Michael Leuchtenburg emailed (much) more "I-for-one-welcome" lore, following up on this discussion. I, for one, wonder whether a simple mathematical model of memetic dissemination of strings (similar to the models of mutation and inheritance in computational biology) would enable a more systematic version of Michael's observation (that "[i]t seems obvious that 'for one ... overlords" is the original,while the others are variations. The number of hits decreases as the number of changes ... increases".
Here's Michael's note:
In addition to "I, for one, welcome our new * overlords", you might also consider the variations on this theme, listed below with google hits for *, * *, * * *, * * * *, and total. For convenience, the numbers for the root snowclone are also listed. I don't get the same numbers as you do, even using the link you provided, so I have listed the numbers I get.
I, for one, welcome our new * overlords (1880, 334, 213, 36; 2463)
I, for one, welcome our new * overlord ( 39, 13, 12, 2; 66)
I welcome our new * overlords ( 25, 40, 0, 0; 65)
I welcome our new * overlord ( 0, 0, 0, 0; 0)
I, for one, welcome our new * masters ( 152, 65, 36, 12; 265)
I welcome our new * masters ( 11, 0, 0, 0; 11)
I, for one, welcome our new * master ( 8, 0, 0, 0; 8)
I welcome our new * master ( 0, 0, 0, 0; 0)
It seems obvious that "for one ... overlords" is the original, while the others are variations. The number of hits decreases as the number of changes from "for one ... overlords" increases. At the same time it's evident that it's the meaning behind the words and not blind textual copying that is behind the pattern. This is evidenced by the much greater prevalence of "masters" over other words as the object of the sentence.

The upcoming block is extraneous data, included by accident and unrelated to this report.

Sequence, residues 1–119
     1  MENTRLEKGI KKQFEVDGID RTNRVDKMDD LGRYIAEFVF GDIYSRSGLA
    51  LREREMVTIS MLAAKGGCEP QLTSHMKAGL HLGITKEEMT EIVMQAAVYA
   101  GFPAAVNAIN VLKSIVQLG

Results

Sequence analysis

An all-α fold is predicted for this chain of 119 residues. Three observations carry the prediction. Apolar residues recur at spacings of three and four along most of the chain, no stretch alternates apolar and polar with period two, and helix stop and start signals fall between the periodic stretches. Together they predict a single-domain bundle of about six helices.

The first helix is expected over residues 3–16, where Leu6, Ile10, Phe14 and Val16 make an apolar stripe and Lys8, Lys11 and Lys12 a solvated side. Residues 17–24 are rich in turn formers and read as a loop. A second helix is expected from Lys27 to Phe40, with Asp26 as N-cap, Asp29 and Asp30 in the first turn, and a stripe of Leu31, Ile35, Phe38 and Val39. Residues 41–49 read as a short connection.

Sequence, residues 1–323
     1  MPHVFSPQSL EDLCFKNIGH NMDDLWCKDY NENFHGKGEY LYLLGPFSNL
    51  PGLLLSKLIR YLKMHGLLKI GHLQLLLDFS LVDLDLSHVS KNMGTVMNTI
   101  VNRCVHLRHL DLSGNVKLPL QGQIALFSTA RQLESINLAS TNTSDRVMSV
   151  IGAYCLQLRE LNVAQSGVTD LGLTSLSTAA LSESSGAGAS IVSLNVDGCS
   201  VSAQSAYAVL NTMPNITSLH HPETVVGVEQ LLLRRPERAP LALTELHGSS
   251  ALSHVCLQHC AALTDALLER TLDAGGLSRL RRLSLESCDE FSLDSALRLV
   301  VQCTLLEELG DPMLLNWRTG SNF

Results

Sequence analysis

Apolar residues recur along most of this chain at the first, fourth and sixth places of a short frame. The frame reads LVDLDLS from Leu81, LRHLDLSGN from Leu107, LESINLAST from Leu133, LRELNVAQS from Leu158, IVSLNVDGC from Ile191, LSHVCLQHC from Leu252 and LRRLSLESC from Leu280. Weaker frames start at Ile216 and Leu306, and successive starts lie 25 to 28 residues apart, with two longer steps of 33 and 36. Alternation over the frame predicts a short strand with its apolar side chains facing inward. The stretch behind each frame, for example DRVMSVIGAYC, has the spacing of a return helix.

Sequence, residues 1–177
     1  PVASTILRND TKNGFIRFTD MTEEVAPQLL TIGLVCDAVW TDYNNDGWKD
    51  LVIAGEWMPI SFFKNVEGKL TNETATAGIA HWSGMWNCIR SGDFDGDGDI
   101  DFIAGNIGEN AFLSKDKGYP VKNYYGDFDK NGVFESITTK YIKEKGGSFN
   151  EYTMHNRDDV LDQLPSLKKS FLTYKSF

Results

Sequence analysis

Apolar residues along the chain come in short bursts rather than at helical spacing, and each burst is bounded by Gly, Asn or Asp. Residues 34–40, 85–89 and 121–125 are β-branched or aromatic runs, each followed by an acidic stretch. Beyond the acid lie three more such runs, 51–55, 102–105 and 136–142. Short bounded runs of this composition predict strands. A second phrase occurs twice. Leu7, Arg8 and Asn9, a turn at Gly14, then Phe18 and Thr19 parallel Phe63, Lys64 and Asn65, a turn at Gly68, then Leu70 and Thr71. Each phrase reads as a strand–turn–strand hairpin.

Looking a bit deeper, I can find other variations, such as this one:
"I, for one, welcome our new robot fundraisers"
"I, for one, welcome our new robot grad students"
"I, for one, welcome our new robot employees."
These are the only non-overlord/master hits in the first hundred on Google, and they all refer to robots. Interestingly, this page from the Jargon File says that the original value for X was "insect". That is certainly the correct quote, but I can't say with absolute certainty that this is the correct original source.
Hopefully you found this at least half as interesting as I did.
The patterns are neat in themselves, and suggest an interesting modeling exercise that might be the first example of genuinely scientific memetics (excuse my ignorance if I'm slighting some other work).
Linguistic data of this kind ought in principle to be richer in several dimensions than the available biological data , since we can have easier access to past-time patterns (via the wayback machine for example), and even to some independent evidence about the social networks involved. On the other hand, the networks along which the linguistic patterns spread may be harder to model, because there is no counterpart to the constraints imposed by geography and physiology.
This research direction might also count as the first-ever example of computational Bakhtinian analysis, since the uptake patterns of quotes from The Simpsons (and Buffy, and so on) might have been invented on purpose to illustrate "the interaction of different social values being registered in terms of reaccentuation of the speech of others".Posted by Mark Liberman at January 30, 2004 05:22 AM